Blumeria graminis f. sp. tritici

Scientific Name Blumeria graminis (DC.) E.O. Speer f. sp. tritici Em. Marchal
Common Names Powdery mildew of wheat



The white, fluffy, later grey-tan colonies of powdery mildew are easily detected on leaves stems and ears, although the upper surface of leaves are most commonly infected. Before the development of white patches producing masses of conidia and causing the powdery appearance chlorotic flecks on the plant tissue appear as initial symptoms. Cleistothecia may be formed occurring late in the season and found embedded in the mildew colonies as dark-coloured dots. Under favourable conditions, sporulation starts within 7-8 days after infection. The disease affects flowering, fruiting, seedling and vegetative growing stages of the plants. Conidia are dispersed within the crop by the wind. Epidemics will tend to occur during conditions of alternating wet and dry weather.


Powdery mildew is caused by Blumeria graminis, an ascomycete belonging to the Erysiphales. It is an obligately parasite specific to wheat and overwinters mainly as mycelium on autumn-sown cereals. Although cleistothecia releasing ascospores produced during the late summer are resistant to cold and drying out, they appear to be of secondary importance in overwintering and as a source of inoculum in the spring. With rising temperatures in spring, conidia are produced rapidly on dormant mycelium beginning with growth. Conidia usually germinate over a wide range of temperatures from about 5 ° - 30 °C, although 15 ° - 20 °C is probably optimal, together with a relative humidity of about 95 %. Free water inhibits conidial germination.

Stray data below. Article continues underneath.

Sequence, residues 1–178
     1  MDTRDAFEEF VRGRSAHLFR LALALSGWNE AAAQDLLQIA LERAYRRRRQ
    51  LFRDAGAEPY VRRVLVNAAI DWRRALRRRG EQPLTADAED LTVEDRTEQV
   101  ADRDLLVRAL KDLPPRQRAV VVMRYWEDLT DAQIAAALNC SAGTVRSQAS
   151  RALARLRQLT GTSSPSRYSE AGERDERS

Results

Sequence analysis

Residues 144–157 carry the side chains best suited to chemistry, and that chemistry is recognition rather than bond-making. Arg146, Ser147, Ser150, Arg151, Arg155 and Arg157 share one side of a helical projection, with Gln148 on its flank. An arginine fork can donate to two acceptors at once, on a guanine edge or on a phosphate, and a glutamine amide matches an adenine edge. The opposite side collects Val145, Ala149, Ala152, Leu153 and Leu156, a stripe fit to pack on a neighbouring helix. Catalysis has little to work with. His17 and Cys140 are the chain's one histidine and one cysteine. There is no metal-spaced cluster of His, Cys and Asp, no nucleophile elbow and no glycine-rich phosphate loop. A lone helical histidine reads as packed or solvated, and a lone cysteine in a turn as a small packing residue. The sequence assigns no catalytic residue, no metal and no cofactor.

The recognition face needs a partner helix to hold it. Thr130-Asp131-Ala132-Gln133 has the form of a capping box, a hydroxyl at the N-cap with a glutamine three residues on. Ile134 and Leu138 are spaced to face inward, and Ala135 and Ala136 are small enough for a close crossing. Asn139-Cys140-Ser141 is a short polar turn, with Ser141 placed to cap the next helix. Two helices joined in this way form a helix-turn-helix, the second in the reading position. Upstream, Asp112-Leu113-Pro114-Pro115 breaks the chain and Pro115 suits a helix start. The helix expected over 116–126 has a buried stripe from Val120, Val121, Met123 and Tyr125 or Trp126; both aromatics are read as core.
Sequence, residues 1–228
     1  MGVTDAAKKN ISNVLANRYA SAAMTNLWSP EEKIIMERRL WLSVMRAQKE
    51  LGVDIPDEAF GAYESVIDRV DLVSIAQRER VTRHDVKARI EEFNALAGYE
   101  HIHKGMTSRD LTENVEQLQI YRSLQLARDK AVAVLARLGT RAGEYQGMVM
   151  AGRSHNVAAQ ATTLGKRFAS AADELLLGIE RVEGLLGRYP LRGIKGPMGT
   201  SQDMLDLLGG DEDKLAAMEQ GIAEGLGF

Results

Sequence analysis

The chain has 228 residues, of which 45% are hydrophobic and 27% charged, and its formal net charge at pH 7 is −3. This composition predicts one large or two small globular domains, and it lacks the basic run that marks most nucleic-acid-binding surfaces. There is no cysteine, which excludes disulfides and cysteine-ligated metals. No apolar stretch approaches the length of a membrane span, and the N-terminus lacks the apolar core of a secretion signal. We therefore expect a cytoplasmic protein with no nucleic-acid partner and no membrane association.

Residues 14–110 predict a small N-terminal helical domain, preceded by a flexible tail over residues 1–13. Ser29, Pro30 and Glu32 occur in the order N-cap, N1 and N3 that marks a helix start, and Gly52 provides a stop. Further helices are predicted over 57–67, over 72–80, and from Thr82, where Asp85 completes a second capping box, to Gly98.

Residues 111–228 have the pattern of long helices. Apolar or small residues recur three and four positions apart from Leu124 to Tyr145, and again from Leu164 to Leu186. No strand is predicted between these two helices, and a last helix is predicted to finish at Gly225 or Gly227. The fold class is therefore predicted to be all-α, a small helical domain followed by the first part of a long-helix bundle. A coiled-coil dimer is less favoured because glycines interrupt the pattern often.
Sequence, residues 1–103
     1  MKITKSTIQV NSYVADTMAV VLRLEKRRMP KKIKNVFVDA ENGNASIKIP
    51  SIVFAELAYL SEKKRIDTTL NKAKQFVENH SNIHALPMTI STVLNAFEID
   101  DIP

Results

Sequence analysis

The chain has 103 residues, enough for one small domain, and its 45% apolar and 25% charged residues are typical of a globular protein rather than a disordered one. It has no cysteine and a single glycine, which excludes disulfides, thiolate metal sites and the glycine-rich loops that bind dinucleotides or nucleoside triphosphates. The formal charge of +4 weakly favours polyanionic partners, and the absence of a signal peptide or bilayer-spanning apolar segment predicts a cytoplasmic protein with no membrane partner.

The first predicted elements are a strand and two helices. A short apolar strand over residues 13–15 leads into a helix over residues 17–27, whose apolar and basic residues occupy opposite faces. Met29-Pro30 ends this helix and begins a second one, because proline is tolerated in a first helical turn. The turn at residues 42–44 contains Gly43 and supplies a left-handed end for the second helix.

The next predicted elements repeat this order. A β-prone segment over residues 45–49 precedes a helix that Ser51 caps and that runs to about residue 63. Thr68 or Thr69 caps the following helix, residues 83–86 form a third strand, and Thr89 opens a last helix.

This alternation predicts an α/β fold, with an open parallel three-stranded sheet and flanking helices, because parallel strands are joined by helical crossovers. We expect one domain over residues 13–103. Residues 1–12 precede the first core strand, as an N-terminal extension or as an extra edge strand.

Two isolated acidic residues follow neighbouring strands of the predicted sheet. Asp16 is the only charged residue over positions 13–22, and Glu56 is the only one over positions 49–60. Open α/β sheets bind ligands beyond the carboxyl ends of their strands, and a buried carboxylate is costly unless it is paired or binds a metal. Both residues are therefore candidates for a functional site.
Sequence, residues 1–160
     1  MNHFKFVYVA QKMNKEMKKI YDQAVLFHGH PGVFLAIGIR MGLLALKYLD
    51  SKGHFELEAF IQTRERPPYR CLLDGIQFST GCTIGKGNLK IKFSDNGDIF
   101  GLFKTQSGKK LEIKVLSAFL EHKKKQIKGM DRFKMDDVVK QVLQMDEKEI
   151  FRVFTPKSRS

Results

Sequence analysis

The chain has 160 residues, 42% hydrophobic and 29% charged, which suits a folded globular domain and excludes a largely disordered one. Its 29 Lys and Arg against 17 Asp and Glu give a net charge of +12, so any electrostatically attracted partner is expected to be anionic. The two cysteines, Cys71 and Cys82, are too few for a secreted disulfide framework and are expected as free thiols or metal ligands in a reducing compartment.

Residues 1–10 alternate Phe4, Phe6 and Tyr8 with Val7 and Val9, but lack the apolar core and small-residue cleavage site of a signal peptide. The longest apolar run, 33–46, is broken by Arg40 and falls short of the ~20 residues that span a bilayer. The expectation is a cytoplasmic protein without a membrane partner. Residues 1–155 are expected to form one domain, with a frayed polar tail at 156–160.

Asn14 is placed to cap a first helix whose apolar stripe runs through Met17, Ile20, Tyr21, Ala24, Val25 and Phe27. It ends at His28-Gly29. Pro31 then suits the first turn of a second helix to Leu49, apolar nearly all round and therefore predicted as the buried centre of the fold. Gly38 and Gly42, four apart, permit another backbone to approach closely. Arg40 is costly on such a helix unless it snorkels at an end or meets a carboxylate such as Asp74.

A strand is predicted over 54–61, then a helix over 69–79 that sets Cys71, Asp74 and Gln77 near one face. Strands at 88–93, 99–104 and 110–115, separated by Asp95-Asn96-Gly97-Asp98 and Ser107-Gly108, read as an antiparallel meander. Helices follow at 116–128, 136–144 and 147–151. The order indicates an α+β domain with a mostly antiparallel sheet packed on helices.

The mycelium is hyaline, branched and conidia are borne in chains on bulbus swelling conidiophores arising from the mycelium. Conidia are hyaline, oblong to ovate, 25-40 x 8-10 µm. After germination the germ tube forms an appressorium on the host cuticle. A hyphal peg penetrates the cuticle and the cell wall and forms a digitate haustorium in the epidermal cell. Mycelium is developed only on the surface of the plant. The globoid cleistothecia are immersed in the mycelium. They are 135-250 µm in diameter with simple appendages, and develop 8 - 25 asci, which are usually 8-spored and 70-108 x 25-40 µm. Ascospores are elliptic, hyaline to pale brown, and 20-23 x 10-13 µm. Multiple races of the fungus exist and new ones continue to be formed as a result of genetic recombination. Besides the sexual cycle contributing to diversity, the disease is polycyclic and well adapted for aerial dispersal and long distance transport


Useful non-chemical contribution to Integrated Weed Management

Powdery mildew is one of the most common and destructive diseases of cereals widely distributed in wheat growing areas throughout the world. Losses up to 45 % have been documented. Actual losses depend on the time of disease epidemic onset and its severity resulting in the reduction of head numbers and kernel weight. The disease is encouraged by excessive use of nitrogen fertilizer and by very early autumn sowing. In the autumn, heavily infected plants may be less resistant to winter frosts. Host-plant resistance is important in the control of powdery mildew on cereals.

Isolation of autumn-sown and spring-sown cereals will reduce the risk of infection of the autumn-sown crop spreading to the spring-sown crop. Computer-based decision support systems have been developed to aid fungicide spray recommendations for the main diseases on wheat including powdery mildew. Alternation of different types of fungicides or combined applications can reduce the risk of fungicide resistance development

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